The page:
14 September, 2022
More than 170 NZDF personnel, as part of Operation Bushfire Assist 2019/20, travelled to four states in Australia to help during the intense bushfire season known as the ‘Black Summer’.
The deployment included NZDF firefighters, combat engineers, air dispatchers, enviro health teams, a primary health care team and a chaplain, along with assets including a C-130H(NZ) Hercules and crew, and three NH90 helicopters and crew.
The NZDF played a varied role in supporting the Australian authorities and the Australian Defence Force.
Chief of Defence Force Air Marshal Kevin Short said the NZDF could be proud of the way its people displayed their commitment to Australian communities during a devastating and highly volatile time.
“Their actions have reinforced the value of our close relationship with Australia”.
Overall, 145 NZDF personnel will receive the Australian National Emergency Medal, among them New Zealand Army Emergency Responder, Sergeant Joshua Nahi.
His time as an emergency responder has taken him to a range of domestic and international emergencies including the Christchurch earthquake, Tasmanian and Queensland fires, Port Hills, Pigeon Valley, and the 2019/20 Australian Bushfires.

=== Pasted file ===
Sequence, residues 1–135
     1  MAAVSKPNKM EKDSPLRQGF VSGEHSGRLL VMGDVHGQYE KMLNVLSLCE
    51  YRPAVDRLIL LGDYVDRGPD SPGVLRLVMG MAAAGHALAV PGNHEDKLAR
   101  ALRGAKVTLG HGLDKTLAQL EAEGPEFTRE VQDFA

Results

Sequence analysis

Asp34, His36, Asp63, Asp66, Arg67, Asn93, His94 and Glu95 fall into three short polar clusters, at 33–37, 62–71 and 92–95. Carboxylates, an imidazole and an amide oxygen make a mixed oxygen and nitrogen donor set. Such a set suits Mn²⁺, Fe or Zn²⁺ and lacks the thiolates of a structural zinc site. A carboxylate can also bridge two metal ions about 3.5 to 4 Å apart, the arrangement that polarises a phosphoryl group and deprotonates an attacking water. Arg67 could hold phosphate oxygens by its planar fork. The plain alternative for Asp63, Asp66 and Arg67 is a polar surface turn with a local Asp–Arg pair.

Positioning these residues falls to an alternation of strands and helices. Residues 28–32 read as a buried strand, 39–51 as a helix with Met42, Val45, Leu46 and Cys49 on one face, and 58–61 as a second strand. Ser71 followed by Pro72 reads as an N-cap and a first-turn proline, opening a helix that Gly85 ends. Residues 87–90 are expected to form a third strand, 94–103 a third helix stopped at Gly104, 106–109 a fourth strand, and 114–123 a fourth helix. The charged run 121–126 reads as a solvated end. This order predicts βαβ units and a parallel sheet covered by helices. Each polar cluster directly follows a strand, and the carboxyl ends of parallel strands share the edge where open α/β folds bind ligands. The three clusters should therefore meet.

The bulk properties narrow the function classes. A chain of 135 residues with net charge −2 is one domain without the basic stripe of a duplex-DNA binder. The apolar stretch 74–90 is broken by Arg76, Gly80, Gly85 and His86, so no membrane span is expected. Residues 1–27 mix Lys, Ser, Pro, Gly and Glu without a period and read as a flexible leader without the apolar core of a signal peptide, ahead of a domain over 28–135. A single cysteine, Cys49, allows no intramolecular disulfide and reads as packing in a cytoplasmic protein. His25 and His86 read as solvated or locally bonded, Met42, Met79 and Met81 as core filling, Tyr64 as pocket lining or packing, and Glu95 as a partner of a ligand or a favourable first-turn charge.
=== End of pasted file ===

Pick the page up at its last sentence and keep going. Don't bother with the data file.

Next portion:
Direct fire suppression, hazard reduction burning, and maintaining overnight patrol teams at the fire-line, were just a few of the tasks Sergeant Nahi and his team undertook.
“During fire suppression, your body is fuelled by adrenaline and purpose to knock the fire down.”
However, fire-fighting was not the most demanding task, he said.
“The most challenging part during all of this was the physical demand of mopping up.”
This involved removing any burning materials, felling fire-damaged trees, and cooling ash pits to ensure the fire was extinguished and reduce any residual smoke.
“A firefighter can fight as long as the fire is present, but it’s followed by hours or even days of digging up hotspots and blacking out large portions of land to ensure the fire is properly extinguished,” Sergeant Nahi said.
Although not having direct experience with animals hurt by the bushfires, Sergeant Nahi knew this was an emotionally challenging aspect faced by some of his colleagues.
The acknowledgement Sergeant Nahi and his team received from their Australian counterparts was what made the extreme physical demands worth it, he said.
“Despite many hours or days mopping up, the most rewarding part was the genuine appreciation the Queensland Fire and Emergency Services showed. Appreciation also came from the local residents and the general population.”
Helping local communities hit by devastating natural disasters was what motivates Sergeant Nahi to put himself at risk for others.
“I enjoyed every minute of it. This is why I’m a firefighter. Helping others is what we do.”
Additional ceremonies will take place in the coming months for medal recipients based outside the Wellington region.